FOR FURTHER INFORMATION CONTACT
AUSA VICKIE E. LEDUC or
MARCIA MURPHY at 410-209-4885
AUGUST 9, 2007
FOR IMMEDIATE RELEASE
Alan Fabian Indicted in $32 Million Computer Equipment Leasing Scheme
Indictment Seeks Forfeiture of a Yacht, Properties in North Carolina and Maryland,
Cash, Vehicles and Fabian’s Interest in Several Companies
Baltimore, Maryland - A grand jury indicted Alan Brian Fabian, age 43, of Cockeysville, Maryland, for mail fraud, money laundering, bankruptcy fraud, perjury and obstruction of justice arising out of a scheme to defraud an equipment leasing company, financial institutions and a government consulting company of $32 million, announced United States Attorney for the District of Maryland Rod J. Rosenstein.
United States Attorney Rod J. Rosenstein said, "The indictment alleges that Mr. Fabian defrauded the victims of $32 million, took much of the criminal proceeds for his personal use and then lied about the scheme in bankruptcy court. Fraud by corporate executives jeopardizes public confidence in our economy."
Special Agent in Charge William D. Chase, of the Baltimore Division of the Federal Bureau of Investigation, said, “This alleged multi-million dollar scheme is an egregious example of an individual who exploited legitimate business for his own selfish gain. The FBI remains committed to fighting white collar crime because of the serious damage it does to our nation’s economy."
Special Agent In Charge, Francis L. Turner, IRS - Criminal Investigation stated, "Money laundering is not a victimless crime. Not only are innocent people "duped" by various schemes, but the underground, untaxed economy harms the entire nation's economic strength."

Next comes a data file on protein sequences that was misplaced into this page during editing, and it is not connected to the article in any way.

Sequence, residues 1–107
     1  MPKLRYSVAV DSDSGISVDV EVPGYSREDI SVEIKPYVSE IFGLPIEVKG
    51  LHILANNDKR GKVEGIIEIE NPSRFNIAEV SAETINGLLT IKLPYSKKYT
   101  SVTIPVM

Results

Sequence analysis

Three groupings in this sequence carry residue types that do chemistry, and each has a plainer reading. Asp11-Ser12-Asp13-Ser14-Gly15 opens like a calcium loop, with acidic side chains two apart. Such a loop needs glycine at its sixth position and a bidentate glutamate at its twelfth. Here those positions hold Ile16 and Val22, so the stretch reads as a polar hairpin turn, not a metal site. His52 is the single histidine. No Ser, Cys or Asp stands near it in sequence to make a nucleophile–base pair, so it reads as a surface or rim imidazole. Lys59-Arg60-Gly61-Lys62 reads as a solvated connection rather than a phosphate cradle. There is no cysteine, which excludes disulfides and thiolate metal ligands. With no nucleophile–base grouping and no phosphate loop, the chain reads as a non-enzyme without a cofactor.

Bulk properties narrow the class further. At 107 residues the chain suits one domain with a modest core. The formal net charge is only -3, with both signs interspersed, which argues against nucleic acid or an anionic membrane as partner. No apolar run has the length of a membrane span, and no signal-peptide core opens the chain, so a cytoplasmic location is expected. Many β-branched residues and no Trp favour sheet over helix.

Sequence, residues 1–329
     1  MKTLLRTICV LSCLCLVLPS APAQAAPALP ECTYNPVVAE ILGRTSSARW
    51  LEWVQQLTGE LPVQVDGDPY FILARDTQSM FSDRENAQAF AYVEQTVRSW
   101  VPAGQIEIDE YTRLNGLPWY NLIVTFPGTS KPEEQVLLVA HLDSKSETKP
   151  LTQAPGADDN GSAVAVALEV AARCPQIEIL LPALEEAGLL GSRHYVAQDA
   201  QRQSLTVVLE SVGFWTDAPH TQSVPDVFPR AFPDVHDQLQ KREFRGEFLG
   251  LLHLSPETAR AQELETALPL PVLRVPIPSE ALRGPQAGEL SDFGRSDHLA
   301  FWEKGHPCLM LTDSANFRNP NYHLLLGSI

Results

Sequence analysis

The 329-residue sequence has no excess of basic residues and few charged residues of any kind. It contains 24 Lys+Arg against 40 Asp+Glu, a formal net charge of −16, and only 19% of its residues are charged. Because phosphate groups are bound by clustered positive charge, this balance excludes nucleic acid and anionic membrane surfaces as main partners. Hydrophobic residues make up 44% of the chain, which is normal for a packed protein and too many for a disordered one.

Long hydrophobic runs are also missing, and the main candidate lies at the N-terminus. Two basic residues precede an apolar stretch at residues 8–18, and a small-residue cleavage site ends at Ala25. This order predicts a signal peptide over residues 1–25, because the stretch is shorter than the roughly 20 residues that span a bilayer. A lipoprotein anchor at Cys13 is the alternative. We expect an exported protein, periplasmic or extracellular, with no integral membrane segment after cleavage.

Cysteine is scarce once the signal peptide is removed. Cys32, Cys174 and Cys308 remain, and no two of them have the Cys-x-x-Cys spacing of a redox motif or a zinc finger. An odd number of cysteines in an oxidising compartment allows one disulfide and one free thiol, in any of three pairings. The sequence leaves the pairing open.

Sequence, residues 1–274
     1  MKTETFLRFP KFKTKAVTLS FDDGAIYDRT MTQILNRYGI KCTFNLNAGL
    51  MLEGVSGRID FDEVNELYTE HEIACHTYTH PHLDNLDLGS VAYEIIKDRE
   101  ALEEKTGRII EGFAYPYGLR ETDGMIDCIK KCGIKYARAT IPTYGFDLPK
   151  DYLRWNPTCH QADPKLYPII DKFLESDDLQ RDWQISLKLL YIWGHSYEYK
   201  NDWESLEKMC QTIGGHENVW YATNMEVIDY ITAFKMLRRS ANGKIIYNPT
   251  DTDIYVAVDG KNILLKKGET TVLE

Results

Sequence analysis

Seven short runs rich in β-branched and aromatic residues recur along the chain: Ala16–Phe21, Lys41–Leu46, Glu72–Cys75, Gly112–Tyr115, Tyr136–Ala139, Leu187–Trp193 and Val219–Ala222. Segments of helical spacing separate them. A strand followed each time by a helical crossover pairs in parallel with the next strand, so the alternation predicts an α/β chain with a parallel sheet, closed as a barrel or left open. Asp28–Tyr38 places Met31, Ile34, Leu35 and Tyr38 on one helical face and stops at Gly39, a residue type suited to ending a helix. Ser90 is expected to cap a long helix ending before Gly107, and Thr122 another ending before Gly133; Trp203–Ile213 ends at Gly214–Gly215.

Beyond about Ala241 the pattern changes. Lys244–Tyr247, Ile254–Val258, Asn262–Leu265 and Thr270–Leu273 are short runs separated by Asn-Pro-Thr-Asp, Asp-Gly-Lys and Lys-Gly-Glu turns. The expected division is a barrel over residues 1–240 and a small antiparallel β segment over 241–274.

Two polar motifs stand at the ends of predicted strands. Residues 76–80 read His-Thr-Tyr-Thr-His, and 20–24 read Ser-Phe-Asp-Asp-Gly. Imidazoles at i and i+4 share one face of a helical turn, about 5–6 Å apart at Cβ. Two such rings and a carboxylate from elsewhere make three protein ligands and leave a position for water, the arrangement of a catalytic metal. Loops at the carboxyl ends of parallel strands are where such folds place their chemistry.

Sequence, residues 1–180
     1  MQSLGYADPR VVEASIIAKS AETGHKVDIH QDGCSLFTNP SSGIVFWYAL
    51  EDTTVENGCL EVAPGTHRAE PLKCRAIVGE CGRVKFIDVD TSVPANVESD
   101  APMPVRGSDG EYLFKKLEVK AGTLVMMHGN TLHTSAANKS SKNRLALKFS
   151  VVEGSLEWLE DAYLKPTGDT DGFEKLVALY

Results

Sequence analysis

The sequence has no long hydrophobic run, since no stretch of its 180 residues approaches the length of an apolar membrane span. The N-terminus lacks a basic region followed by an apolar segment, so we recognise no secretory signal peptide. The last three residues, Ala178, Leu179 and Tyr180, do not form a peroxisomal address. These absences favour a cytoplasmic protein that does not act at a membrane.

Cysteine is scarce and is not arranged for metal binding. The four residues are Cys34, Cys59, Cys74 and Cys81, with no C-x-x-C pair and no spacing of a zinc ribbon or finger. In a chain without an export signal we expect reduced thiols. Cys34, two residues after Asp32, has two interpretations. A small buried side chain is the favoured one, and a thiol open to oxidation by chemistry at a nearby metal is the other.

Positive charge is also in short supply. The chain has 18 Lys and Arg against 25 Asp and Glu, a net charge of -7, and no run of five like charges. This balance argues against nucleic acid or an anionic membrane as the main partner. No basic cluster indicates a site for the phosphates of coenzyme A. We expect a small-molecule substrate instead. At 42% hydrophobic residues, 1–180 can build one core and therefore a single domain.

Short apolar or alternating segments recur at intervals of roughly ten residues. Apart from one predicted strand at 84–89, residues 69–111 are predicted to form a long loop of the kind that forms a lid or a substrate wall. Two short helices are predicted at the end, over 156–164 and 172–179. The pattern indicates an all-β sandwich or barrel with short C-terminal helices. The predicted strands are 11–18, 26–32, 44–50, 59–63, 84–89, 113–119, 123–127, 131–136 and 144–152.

Mail Fraud Scheme and Money Laundering
According to the 23-count indictment, from March 2001 to July 2004, Fabian, a certified public accountant, caused Strategic Partners International LLC and later, Strategic Partners International, Inc., companies that he formed (collectively, SPI), to enter into sale-leaseback transactions to purportedly purchase $32 million in computer hardware and software, when in fact SPI either never purchased such equipment or purchased substantially less expensive equipment.
Fabian is alleged to have made numerous misrepresentations to the leasing company and funding sources to induce them to enter into these transactions:
~ provided false bills of sale, equipment addendums, and other documents purporting to reflect that SPI had purchased computer equipment, when in fact SPI had not purchased such computer equipment, and thus did not have that equipment to sell and lease back. Fabian also provided misleading documents purporting to reflect that SPI had purchased certain computer hardware at specific prices, when in fact SPI had purchased different and substantially less expensive items;
~ falsely represented that SPI, Inc. was a subsidiary of his employer company, when in fact his employer had no knowledge of, or affiliation with, SPI, Inc.; and
~ provided false documents purporting to reflect that SPI had purchased computer software from companies Special Properties and SmartSoftware, when in fact SPI had made no such purchases.
Fabian also executed corporate guaranties on behalf of his employer purporting to obligate his employer to pay any debt owed by SPI from the sale-leaseback transactions.